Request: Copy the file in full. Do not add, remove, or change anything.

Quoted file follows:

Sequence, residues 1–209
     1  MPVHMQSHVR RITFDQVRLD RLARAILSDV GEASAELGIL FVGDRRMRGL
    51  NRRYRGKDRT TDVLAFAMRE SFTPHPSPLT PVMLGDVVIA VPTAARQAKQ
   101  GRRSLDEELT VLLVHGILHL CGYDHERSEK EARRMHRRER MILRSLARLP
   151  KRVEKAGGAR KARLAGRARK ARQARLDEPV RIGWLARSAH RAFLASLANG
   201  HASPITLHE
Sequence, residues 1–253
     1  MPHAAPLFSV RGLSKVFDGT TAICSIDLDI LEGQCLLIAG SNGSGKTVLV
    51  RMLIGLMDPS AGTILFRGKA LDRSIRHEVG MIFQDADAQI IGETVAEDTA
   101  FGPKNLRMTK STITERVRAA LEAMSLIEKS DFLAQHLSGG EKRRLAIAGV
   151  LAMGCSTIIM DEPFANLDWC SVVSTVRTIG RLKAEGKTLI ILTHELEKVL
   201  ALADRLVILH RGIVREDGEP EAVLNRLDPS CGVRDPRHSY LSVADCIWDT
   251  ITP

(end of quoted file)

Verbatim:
Sequence, residues 1–209
     1  MPVHMQSHVR RITFDQVRLD RLARAILSDV GEASAELGIL FVGDRRMRGL
    51  NRRYRGKDRT TDVLAFAMRE SFTPHPSPLT PVMLGDVVIA VPTAARQAKQ
   101  GRRSLDEELT VLLVHGILHL CGYDHERSEK EARRMHRRER MILRSLARLP
   151  KRVEKAGGAR KARLAGRARK ARQARLDEPV RIGWLARSAH RAFLASLANG
   201  HASPITLHE
Sequence, residues 1–253
     1  MPHAAPLFSV RGLSKVFDGT TAICSIDLDI LEGQCLLIAG SNGSGKTVLV
    51  RMLIGLMDPS AGTILFRGKA LDRSIRHEVG MIFQDADAQI IGETVAEDTA
   101  FGPKNLRMTK STITERVRAA LEAMSLIEKS DFLAQHLSGG EKRRLAIAGV
   151  LAMGCSTIIM DEPFANLDWC SVVSTVRTIG RLKAEGKTLI ILTHELEKVL
   201  ALADRLVILH RGIVREDGEP EAVLNRLDPS CGVRDPRHSY LSVADCIWDT
   251  ITP